Conference Group for Central European History 5
Society for Austrian and Habsburg History 2
In the mid-1990s social anthropologist Andre Gingrich proposed the concept of “frontier orientalism” for understanding the place of Muslims and Turks in modern Central and Southeastern European popular culture and politics. His frontier orientalism “is conceived of as a systematic set of metaphors and myths that reside in folk and public culture in those countries of Europe which have the history of interaction with neighboring regions of the Muslim periphery. The concept primarily refers to the frontier (or antemurale) myths about the timeless mission of a Christian homeland adjacent to the military border…”(1998) If Edward Said’s orientalism refers to a British and French overseas colonial ideology most easily traced in academic, scientific and artistic “high culture,” Gingrich’s orientalism is local and multiple: it exists and is reproduced in everyday life among those who live on or near a frontier—real or imagined, present or historical—with the Other. One legacy of the long conflicts between the Habsburg and Ottoman empires, which resulted in multiple large and small-scale exchanges of territory, is that such frontiers can be imagined nearly anywhere.
We envision this panel as a series of case studies investigating where historical actors imagined frontiers between Christian and Muslim to be, what the frontiers consisted of, and what was at stake for upholding or breaching them. Andrew Wheatcroft provides a necessary introduction to the concept of the early modern Muslim Erbfeind in Austria, but demonstrates that the image underwent considerable change after 1800. By century’s end the threatening Other had morphed into a Balkan Christian. Moving from general cultural trends to a particular historical figure, Tolga Esmer studies a forgotten bandit from Ottoman Bulgaria. Kara Feyzi's early nineteenth-century networks were broadly inter-confessional, as were the targets of their collective violence. The paper examines how the imperial centers in Vienna and Istanbul made sense of a man and a movement that transgressed frontiers with impunity. Maureen Healy turns to the work of state-sanctioned “frontiersmen,” Habsburg civil servants who administered Bosnia-Herzegovina after 1878. She frames their colonial efforts as a multi-faceted attempt to move a frontier, to flip a territory from “Turkish” to “European,” and reveals the orientalist myths that were both challenged and reinforced in the process. Finally, Dominique Reill examines Vincenzo Solitro’s 1844 Documenti storici sull'Istria e la Dalmazia which documents the effects of centuries of unstable borders on local populations in Dalmatian/Bosnian hinterlands. Dalmatians' visions of their Bosnian/Ottoman neighbors were orientalist but included instances of historical empathy as well.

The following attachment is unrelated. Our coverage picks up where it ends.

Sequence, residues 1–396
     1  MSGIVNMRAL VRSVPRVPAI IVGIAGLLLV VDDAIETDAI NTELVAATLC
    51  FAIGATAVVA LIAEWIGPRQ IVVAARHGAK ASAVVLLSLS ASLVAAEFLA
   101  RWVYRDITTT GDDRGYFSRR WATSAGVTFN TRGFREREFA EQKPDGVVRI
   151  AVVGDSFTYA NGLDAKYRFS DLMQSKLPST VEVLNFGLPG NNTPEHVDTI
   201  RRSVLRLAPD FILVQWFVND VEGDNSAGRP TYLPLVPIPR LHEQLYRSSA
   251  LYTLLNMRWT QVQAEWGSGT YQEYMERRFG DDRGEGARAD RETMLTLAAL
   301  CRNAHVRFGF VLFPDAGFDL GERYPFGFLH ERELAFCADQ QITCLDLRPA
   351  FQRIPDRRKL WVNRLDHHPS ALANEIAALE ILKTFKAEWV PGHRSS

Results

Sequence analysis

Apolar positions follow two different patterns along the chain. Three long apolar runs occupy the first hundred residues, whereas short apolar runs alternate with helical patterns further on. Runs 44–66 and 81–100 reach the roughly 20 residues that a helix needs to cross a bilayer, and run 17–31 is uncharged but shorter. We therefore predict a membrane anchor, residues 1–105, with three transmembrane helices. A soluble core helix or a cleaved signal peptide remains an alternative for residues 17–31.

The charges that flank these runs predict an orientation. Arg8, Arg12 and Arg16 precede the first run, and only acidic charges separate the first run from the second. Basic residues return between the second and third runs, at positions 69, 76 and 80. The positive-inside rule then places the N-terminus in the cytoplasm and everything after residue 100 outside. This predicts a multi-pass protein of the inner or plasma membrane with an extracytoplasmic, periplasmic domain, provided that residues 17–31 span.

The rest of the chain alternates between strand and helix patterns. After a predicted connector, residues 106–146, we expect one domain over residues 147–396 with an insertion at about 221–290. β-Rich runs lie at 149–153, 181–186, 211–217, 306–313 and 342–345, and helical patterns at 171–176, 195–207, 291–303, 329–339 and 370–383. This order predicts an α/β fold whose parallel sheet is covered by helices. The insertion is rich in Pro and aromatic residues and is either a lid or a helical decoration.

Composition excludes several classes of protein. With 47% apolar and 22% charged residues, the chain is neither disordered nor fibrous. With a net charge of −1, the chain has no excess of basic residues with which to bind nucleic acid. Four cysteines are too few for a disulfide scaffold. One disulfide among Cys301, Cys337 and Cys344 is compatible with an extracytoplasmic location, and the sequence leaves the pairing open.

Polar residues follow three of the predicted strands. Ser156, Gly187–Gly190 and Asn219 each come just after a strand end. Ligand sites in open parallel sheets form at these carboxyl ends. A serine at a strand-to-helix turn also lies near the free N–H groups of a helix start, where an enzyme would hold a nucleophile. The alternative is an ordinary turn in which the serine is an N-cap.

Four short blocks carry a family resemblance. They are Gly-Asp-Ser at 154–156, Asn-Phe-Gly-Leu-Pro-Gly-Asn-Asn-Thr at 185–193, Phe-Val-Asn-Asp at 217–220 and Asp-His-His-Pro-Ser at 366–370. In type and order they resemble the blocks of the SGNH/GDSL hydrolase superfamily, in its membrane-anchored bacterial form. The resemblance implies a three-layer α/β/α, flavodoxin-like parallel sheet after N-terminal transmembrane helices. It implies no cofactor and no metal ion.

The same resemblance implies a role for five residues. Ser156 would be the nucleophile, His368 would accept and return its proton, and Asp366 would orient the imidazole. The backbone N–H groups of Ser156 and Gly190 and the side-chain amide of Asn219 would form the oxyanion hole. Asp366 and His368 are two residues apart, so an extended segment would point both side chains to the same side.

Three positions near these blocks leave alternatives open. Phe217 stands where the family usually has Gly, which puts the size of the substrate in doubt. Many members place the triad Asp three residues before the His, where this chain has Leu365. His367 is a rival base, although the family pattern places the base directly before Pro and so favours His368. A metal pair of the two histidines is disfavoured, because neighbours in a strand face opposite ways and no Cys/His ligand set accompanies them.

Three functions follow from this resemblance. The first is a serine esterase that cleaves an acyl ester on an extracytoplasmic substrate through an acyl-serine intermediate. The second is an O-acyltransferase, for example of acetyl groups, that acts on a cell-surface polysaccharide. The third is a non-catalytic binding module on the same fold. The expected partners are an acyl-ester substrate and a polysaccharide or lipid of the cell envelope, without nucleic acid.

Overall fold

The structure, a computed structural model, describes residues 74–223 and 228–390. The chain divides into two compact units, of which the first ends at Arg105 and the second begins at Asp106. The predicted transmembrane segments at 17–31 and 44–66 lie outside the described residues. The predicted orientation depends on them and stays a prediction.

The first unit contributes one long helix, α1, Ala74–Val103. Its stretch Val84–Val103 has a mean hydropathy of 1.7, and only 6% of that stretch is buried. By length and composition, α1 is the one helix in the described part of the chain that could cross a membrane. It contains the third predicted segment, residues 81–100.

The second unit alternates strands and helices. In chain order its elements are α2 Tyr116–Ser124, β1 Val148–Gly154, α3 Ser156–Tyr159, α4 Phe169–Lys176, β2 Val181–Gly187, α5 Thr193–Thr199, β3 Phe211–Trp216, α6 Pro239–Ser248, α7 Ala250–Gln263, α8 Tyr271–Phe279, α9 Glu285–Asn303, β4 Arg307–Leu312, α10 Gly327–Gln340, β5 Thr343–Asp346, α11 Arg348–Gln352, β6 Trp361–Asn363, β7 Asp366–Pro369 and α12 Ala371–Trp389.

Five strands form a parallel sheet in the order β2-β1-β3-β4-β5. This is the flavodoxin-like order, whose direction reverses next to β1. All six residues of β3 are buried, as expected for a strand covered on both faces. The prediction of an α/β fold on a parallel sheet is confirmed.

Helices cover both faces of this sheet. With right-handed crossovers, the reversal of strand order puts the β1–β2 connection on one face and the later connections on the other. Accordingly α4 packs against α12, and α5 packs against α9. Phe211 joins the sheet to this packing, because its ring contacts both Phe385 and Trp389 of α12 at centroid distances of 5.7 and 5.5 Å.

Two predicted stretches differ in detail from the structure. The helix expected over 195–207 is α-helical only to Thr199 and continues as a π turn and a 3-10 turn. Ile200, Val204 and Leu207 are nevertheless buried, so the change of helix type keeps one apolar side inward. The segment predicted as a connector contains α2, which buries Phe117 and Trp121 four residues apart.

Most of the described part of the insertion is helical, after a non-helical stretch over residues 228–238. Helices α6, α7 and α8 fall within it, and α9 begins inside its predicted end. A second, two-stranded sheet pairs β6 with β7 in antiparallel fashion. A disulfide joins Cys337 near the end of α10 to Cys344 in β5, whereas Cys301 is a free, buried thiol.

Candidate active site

One of the novel, and we hope productive, aspects of this panel is the research focus on the 19th century. The historiography of Habsburg-Ottoman relations is centered in the early modern period, and we hope the research presented here will help to inch this field forward in time. We envision a wide audience for the panel: geographically it will appeal to historians of the Habsburg and Ottoman Empires as well as Eastern Europe and the Balkans. Thematically, we anticipate interest among historians working on orientalism, borderlands and frontier studies.